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Getting used to new school routines in pandemic life

Jude Avatar Kids MatterJude, Kids Matter Support Coach, Facilitator and mum of two, describes the ups and downs of strange school routines during Covid (let’s just say it’s a task in ‘extreme facial expression’)…

I don’t know about you, but lockdown 2.0 has felt so different because the schools have stayed open. This crucial factor has given our family some normality and structure and, quite frankly, saved a number of arguments in our home!

Having said that, school also feels so different to what we’ve been used to. At the primary school my children attend, we have a one-way system in place in the playground and adding in facemasks has made sense but does require an interesting new language consisting largely of exaggerated eyebrow waggling and waving. We also have staggered times to drop off and pick up which means only half the parents are on site at any one time. This works really well on a practical level, but on a personal level it’s made a huge shift in who I can see and say hello to, even at a safe distance. There are some parents I haven’t physically seen to say hi to since March, which is hard. For new parents with children starting in reception it must be harder still to build new connections.

I’ve got used to hearing that children or staff within the year bubbles are being tested for COVID symptoms. After the first letter came home to say someone was being tested my reaction was to freak out and have a good cry. I’ve now learned to rephrase those letters in my head so they say, ‘someone in your children’s class has got a winter cough and we’re being careful to make sure it’s not COVID’ which helps me not assume the worst.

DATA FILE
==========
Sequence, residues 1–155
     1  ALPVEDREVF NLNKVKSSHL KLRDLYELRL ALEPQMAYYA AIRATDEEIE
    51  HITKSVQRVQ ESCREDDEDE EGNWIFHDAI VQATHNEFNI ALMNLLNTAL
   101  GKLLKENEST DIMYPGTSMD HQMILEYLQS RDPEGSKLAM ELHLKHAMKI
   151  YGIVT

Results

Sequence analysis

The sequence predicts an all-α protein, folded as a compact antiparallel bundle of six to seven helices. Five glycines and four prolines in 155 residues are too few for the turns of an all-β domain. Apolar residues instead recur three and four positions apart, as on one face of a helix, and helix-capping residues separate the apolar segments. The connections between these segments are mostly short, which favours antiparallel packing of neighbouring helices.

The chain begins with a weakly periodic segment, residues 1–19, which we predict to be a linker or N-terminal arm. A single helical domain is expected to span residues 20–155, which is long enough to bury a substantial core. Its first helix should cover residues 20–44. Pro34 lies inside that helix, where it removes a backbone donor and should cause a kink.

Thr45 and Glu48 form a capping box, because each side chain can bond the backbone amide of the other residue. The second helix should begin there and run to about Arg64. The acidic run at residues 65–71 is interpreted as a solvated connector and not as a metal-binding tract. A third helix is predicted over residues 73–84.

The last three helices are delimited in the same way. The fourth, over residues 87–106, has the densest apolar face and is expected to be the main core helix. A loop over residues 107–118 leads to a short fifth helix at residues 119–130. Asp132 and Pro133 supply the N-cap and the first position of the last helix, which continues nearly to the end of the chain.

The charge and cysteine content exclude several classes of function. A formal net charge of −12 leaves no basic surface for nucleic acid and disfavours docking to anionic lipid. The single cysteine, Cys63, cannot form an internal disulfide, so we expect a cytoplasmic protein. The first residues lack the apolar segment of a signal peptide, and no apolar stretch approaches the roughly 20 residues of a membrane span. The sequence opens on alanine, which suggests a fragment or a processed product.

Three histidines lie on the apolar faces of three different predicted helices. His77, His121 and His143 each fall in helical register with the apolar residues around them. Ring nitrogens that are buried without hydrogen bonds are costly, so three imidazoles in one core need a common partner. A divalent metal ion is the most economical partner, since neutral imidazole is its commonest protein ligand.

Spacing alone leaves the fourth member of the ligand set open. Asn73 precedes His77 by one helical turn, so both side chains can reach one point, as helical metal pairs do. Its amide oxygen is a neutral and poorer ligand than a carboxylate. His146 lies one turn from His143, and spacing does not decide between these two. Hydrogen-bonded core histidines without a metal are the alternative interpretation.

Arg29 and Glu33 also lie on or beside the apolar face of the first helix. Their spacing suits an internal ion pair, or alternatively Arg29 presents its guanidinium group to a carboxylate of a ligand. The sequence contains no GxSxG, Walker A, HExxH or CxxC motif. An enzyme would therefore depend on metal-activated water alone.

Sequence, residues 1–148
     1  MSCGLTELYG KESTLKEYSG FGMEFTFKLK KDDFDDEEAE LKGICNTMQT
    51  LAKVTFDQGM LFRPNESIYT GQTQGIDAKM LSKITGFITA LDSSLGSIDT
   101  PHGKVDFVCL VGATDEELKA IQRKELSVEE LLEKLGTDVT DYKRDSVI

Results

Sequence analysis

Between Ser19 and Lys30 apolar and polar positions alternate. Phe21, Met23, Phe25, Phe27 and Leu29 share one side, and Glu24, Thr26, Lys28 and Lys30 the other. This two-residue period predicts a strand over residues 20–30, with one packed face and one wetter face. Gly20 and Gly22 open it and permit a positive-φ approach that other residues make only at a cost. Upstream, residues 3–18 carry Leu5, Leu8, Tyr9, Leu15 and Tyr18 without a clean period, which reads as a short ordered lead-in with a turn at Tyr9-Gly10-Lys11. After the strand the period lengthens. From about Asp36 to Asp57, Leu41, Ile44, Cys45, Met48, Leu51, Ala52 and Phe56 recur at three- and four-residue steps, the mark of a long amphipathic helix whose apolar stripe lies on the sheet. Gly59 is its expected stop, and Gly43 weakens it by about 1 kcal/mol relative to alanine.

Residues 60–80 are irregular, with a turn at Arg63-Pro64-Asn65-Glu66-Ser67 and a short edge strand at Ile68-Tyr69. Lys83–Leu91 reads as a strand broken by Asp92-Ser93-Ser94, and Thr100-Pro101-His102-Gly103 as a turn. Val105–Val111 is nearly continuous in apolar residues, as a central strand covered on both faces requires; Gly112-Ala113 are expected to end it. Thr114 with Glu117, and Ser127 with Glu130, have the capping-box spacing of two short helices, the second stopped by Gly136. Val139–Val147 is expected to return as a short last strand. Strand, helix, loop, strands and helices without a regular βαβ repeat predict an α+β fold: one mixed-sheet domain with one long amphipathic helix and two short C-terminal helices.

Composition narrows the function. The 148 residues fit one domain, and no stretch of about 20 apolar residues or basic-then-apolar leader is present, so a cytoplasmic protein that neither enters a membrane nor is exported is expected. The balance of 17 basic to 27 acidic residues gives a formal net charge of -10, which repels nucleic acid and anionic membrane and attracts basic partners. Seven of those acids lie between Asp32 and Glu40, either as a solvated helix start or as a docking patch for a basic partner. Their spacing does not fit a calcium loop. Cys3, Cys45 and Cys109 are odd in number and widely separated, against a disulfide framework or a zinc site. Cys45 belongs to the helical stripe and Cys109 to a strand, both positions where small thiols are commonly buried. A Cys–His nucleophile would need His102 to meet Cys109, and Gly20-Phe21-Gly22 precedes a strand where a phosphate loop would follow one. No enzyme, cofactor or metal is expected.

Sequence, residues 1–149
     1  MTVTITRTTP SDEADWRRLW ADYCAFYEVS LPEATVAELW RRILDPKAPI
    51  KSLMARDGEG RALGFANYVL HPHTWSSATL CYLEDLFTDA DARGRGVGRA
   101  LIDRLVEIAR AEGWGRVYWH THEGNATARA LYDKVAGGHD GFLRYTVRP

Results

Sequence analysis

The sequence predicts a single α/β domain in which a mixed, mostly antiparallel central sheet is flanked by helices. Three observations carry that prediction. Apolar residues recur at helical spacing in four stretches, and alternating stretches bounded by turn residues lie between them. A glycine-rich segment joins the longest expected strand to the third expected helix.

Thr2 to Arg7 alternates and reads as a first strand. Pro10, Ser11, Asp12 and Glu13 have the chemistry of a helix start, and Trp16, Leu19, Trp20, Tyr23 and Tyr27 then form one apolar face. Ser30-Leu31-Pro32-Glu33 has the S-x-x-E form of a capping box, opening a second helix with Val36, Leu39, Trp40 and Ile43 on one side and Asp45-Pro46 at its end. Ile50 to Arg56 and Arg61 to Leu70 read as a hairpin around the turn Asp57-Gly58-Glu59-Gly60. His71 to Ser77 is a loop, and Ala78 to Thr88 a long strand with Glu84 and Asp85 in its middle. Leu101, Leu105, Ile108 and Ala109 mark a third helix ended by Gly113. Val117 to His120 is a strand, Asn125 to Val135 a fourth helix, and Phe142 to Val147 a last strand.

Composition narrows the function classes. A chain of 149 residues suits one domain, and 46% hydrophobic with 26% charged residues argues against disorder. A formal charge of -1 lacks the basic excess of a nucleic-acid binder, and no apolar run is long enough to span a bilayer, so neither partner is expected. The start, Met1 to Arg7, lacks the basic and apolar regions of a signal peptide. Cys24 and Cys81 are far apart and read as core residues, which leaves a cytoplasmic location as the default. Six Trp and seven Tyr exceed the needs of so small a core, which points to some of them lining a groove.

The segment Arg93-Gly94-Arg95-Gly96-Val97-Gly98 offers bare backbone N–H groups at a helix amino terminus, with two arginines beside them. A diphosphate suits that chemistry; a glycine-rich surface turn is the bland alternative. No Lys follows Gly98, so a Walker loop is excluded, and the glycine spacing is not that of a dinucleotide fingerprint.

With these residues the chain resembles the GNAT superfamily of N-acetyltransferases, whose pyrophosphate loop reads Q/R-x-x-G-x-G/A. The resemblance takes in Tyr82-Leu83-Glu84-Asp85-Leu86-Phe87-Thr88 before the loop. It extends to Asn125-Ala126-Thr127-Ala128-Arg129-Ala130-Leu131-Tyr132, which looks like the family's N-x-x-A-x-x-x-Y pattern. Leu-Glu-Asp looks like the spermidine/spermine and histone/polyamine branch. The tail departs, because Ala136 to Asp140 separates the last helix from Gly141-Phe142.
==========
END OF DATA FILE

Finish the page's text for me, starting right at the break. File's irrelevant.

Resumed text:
Other new routines that I actually hope will stick around are sending the children in PE kit on the day of their PE lessons – they love the novelty of being out of uniform for the day and means I don’t get a pile of stinking PE kit delivered home on the last day of term!

I asked my children what they thought of school at the moment and they said it’s cold in the classroom (windows and doors being left open to circulate fresh air) and that it’s odd having only their year group out at lunchtimes but on the whole they seem pleased to be back and not having to deal with my rather erratic home schooling methods.

I’m mindful that so far our school has managed to avoid numerous cases and others haven’t been so fortunate. 2020 has been such a strange and difficult year for us as parents and families that I try and remember still to be kind to myself and take each day as it comes.

Photo by Kelly Sikkema on Unsplash

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